- What is clinical research?
- Is this research safe?
Clinical research usually involves studying people to learn about their health. Clinical research may focus on testing new medicines or therapies to see if they will work. Some clinical research studies do not involve any treatments but may use surveys or questionnaires to collect information about a health-related topic. Clinical research has taught us most of what we know about the medicines we take and the therapies we use.
All of the study procedures have been reviewed by each study site’s institutional review board (IRB). The IRB’s role is to ensure that all research involving humans meets the standards for safety. The IRB is made up of doctors, scientists, and other people in the community who are not a part of the study. The job of the IRB is to:
- Confirm that the study is ethical, or fair, for everyone who is involved.
- Protect the rights and safety of the people in the study.
- Make sure that the risks are as low as possible.
A member of the research team will explain the important details of the study before you decide to participate. The researcher will carefully review the purpose of the study, what you will be asked to do, and the possible risks and benefits of participating. You will have as much time as you need to ask questions or think about it. This process is called “informed consent.” If you decide to participate, you will sign an informed consent form. If you are considered a minor your parent or legal guardian will also need to sign the informed consent form.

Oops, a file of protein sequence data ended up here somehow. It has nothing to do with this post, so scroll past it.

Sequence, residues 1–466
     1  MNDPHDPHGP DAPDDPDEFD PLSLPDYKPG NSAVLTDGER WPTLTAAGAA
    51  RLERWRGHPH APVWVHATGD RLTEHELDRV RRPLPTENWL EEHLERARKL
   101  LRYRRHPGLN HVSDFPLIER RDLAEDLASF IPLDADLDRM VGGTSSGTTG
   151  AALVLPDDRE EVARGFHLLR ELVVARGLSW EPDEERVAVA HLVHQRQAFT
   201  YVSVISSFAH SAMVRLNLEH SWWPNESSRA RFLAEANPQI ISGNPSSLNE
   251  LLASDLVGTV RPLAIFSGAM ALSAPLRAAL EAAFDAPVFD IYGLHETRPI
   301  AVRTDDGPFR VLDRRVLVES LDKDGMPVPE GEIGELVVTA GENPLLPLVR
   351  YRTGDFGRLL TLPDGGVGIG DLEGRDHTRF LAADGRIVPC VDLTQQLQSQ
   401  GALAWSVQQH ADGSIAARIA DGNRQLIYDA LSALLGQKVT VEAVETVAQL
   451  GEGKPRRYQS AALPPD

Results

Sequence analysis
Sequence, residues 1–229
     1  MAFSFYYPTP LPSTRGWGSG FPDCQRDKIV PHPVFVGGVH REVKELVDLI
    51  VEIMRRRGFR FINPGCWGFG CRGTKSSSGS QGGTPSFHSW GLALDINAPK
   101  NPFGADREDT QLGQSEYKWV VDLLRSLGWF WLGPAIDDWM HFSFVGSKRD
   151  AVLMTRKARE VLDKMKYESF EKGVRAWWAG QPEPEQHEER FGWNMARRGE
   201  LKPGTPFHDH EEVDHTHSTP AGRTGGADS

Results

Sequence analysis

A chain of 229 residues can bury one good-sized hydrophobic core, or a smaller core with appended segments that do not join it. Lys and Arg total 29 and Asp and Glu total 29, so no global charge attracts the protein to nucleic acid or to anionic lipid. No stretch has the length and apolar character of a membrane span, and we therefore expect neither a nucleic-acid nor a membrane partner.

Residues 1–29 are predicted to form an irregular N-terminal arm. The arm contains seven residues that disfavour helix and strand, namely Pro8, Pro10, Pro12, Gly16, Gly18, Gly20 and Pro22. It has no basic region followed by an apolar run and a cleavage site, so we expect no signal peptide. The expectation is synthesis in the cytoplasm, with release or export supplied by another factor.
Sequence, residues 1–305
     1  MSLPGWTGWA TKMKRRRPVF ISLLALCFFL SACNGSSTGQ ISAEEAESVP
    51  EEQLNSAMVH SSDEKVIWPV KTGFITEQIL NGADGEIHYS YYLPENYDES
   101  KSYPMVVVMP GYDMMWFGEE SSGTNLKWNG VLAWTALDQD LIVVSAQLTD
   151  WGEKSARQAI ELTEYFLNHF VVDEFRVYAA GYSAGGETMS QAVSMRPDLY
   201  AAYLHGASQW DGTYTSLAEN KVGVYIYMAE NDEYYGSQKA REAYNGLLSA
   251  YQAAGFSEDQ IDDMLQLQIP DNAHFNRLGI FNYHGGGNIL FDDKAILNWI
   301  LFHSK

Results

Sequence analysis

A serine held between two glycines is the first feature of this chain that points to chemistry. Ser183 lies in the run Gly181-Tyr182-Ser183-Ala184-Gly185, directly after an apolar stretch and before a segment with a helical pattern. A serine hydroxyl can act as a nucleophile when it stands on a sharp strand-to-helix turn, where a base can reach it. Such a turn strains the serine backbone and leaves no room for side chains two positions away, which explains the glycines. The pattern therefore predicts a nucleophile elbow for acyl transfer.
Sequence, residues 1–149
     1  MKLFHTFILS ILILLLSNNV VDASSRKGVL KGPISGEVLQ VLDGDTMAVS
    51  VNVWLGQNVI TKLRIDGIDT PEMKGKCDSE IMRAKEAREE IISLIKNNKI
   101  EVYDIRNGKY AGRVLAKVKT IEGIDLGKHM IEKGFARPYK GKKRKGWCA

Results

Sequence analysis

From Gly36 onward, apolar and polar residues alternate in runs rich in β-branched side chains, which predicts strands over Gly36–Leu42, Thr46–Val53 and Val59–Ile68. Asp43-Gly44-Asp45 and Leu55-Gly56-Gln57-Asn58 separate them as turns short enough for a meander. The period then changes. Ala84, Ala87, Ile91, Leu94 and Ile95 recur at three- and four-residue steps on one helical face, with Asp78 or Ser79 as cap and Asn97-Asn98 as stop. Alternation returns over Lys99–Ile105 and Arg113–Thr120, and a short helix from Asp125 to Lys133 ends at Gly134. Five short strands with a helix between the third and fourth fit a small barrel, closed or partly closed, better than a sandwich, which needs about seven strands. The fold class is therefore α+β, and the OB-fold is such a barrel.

To make sure that the study is right for you, it is important to ask the research team questions about the study and what to expect. This list of questions may help guide that discussion:
- What is being studied?
- What are the possible risks and benefits?
- What will I have to do?
- What tests and procedures are involved?
- How often will I have to visit the hospital or clinic?
- How long will the study last?
- Who will pay for my participation?
- Will I be reimbursed for other expenses?
- Will the results of the study be provided to me?
Participating in the study is completely voluntary. You can decide not to participate.
Research studies are essential steps in the process of developing new medicines.
- They help researchers understand diseases and how to prevent them.
- They help doctors learn how to diagnose diseases.
- They might lead to new or better treatment options.
- They help make sure that treatments are safe and effective.
- They give people the opportunity to be a part of important scientific discoveries.
Yes! This study is not for people who already have a diagnosis of schizophrenia. This study is looking for young people who may or may not be at clinical high risk for psychosis. Learn more about clinical high risk for psychosis.
In a clinical study, a Healthy Control is a person who does not have the disorder or disease being studied. Results from Healthy Controls are compared to results from the group being studied.
This research does not provide clinical evaluation or care, but results from some of the procedures (e.g., smartphone data) may be made available to you. If you are interested in seeking mental health care, the study team can provide referral resources.
The information that the researchers collect will be stored in a secure location and all of your identifying information, such as your name and date of birth, will be removed from the data. This means that no one except study staff will be able to link the data to you or to any other study participant. Researchers will examine the data to test their hypotheses and the results may be published in scientific journals or summaries of the published findings may be reported in the news.
Visit the Study Sites page to find a location near you.
Last Reviewed on May 2, 2022